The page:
First of all, it should be noted that the lira-to-dollar exchange rate on the parallel market is not stable, but rather stabilized as a result of the continuous interventions of BDL through its Sayrafa platform.

To accurately determine the true rate of the national currency, it would be necessary to suspend all types of interventions for a minimum period of one month. By doing so, the intersection between supply and demand in the market could be observed, providing a clearer picture of the currency’s actual value. This would allow for a more accurate assessment of the currency’s market equilibrium.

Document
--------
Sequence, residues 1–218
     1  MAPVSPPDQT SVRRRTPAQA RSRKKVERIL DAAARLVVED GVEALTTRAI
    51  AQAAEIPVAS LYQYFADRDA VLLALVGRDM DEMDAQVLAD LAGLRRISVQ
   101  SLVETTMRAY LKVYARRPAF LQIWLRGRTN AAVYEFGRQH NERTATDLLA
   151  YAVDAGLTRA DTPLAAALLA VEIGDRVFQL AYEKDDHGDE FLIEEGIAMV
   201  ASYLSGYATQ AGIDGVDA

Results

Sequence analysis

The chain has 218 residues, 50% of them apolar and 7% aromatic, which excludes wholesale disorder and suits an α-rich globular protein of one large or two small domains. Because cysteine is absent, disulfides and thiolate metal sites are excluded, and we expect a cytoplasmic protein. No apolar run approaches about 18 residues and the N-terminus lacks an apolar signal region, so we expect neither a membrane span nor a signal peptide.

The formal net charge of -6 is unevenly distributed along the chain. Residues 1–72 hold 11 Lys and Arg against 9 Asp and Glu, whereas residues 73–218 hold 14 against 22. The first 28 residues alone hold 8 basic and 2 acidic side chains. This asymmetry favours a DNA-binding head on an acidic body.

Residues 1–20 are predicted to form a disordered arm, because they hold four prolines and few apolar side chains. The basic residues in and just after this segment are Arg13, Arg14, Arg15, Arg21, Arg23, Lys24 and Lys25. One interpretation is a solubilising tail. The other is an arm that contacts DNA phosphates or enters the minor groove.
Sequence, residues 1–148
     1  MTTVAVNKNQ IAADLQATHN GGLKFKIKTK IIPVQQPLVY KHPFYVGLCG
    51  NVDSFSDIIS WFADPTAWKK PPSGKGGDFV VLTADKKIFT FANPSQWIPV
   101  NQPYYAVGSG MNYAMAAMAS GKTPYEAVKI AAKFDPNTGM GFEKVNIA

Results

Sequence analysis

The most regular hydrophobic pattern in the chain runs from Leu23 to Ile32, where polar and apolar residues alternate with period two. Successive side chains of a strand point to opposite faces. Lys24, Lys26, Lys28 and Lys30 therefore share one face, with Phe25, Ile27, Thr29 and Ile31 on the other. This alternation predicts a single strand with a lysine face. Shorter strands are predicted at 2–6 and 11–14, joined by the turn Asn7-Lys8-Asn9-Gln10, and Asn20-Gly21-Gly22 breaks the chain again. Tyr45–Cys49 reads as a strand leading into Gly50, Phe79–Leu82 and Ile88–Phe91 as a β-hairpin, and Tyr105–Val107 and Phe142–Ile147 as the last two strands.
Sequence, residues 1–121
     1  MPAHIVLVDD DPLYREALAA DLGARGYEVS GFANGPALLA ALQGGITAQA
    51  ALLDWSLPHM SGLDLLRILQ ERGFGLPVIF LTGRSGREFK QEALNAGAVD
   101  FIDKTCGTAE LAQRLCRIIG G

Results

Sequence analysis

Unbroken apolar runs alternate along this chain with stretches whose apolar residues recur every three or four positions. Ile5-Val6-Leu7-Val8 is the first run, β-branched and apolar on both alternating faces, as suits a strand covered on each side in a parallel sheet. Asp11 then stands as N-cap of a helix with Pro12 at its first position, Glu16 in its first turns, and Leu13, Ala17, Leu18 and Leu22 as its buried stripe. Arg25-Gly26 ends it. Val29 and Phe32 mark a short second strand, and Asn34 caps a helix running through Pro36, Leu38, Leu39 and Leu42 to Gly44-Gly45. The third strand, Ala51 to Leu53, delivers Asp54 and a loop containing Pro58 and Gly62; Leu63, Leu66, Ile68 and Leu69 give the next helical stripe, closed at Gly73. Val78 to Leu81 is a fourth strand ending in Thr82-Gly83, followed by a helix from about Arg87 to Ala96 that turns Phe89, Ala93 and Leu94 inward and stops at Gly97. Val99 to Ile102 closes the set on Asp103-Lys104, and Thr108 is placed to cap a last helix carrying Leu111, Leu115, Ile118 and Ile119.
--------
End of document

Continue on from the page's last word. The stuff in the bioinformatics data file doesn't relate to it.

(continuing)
Meanwhile, BDL’s daily buying and selling transactions of dollars can be seen as a short-term strategy with a limited timeframe, with the primary objective being to navigate through the remaining period until a significant change occurs: either the end of the governor’s term and appointment of a successor or the election of a new head of state.

Although interventions via Sayrafa have managed to maintain a balance on the market for the time being, foreign currency reserves are now at a critical level, equivalent to $9.3 billion, which is equivalent to just six months’ worth of imports.

This budget does not represent BDL’s net reserves, but what remains of the compulsory reserves of customer deposits placed with the central bank.

Furthermore, the interventions conducted through Sayrafa are specifically aimed at securing a sufficient supply of dollars for state employees. The figures presented by BDL demonstrate that these operations are now being executed without depleting the reserves.